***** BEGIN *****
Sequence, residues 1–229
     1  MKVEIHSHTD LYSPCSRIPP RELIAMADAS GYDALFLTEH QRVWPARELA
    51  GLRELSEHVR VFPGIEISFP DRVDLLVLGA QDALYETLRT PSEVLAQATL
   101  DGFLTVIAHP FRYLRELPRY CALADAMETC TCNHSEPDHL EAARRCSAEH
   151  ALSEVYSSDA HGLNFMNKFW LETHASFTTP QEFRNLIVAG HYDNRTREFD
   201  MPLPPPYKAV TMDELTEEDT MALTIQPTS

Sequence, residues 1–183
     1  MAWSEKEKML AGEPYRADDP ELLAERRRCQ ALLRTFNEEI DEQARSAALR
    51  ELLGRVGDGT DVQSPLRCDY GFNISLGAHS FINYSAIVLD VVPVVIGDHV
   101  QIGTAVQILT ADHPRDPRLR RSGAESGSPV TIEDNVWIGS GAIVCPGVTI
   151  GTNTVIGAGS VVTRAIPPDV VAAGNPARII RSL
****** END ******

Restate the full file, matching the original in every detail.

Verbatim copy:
Sequence, residues 1–229
     1  MKVEIHSHTD LYSPCSRIPP RELIAMADAS GYDALFLTEH QRVWPARELA
    51  GLRELSEHVR VFPGIEISFP DRVDLLVLGA QDALYETLRT PSEVLAQATL
   101  DGFLTVIAHP FRYLRELPRY CALADAMETC TCNHSEPDHL EAARRCSAEH
   151  ALSEVYSSDA HGLNFMNKFW LETHASFTTP QEFRNLIVAG HYDNRTREFD
   201  MPLPPPYKAV TMDELTEEDT MALTIQPTS

Sequence, residues 1–183
     1  MAWSEKEKML AGEPYRADDP ELLAERRRCQ ALLRTFNEEI DEQARSAALR
    51  ELLGRVGDGT DVQSPLRCDY GFNISLGAHS FINYSAIVLD VVPVVIGDHV
   101  QIGTAVQILT ADHPRDPRLR RSGAESGSPV TIEDNVWIGS GAIVCPGVTI
   151  GTNTVIGAGS VVTRAIPPDV VAAGNPARII RSL